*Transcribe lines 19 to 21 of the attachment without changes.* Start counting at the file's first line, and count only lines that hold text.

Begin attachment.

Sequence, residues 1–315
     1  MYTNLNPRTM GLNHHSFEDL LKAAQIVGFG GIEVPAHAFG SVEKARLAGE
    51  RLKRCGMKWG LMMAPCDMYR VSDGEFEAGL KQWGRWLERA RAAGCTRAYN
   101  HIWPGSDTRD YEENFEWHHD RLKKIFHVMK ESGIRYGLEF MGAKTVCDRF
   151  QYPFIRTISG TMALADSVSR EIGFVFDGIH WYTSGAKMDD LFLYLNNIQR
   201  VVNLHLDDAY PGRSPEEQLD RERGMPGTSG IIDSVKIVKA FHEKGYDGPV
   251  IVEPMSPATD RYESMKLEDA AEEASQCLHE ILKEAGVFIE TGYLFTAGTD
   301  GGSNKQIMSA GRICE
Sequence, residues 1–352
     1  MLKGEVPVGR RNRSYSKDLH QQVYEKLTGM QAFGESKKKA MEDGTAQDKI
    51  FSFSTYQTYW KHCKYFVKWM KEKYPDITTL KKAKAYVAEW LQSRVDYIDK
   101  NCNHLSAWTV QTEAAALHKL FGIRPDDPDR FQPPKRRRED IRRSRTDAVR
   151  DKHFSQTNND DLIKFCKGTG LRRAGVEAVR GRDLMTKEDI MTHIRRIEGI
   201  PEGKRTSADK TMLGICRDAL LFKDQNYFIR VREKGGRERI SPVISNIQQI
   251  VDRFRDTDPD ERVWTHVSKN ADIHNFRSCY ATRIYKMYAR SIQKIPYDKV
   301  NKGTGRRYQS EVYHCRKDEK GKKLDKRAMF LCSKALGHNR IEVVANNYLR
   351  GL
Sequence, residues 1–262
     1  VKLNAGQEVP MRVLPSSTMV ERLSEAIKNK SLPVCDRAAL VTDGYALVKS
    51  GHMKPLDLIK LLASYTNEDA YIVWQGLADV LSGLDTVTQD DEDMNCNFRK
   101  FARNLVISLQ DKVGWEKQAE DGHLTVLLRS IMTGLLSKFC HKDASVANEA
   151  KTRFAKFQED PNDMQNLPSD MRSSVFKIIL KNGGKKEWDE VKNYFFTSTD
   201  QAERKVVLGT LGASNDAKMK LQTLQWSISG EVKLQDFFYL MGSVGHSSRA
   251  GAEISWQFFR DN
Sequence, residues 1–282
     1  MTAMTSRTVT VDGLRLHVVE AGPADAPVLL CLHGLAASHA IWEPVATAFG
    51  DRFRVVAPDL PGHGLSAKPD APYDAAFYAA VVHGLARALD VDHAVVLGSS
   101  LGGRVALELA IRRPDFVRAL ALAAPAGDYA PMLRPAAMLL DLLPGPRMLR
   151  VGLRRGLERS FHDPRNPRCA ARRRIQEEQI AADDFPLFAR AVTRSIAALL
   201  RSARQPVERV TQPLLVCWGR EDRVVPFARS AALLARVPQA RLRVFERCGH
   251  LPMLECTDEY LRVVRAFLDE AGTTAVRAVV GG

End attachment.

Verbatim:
     1  VKLNAGQEVP MRVLPSSTMV ERLSEAIKNK SLPVCDRAAL VTDGYALVKS
    51  GHMKPLDLIK LLASYTNEDA YIVWQGLADV LSGLDTVTQD DEDMNCNFRK
   101  FARNLVISLQ DKVGWEKQAE DGHLTVLLRS IMTGLLSKFC HKDASVANEA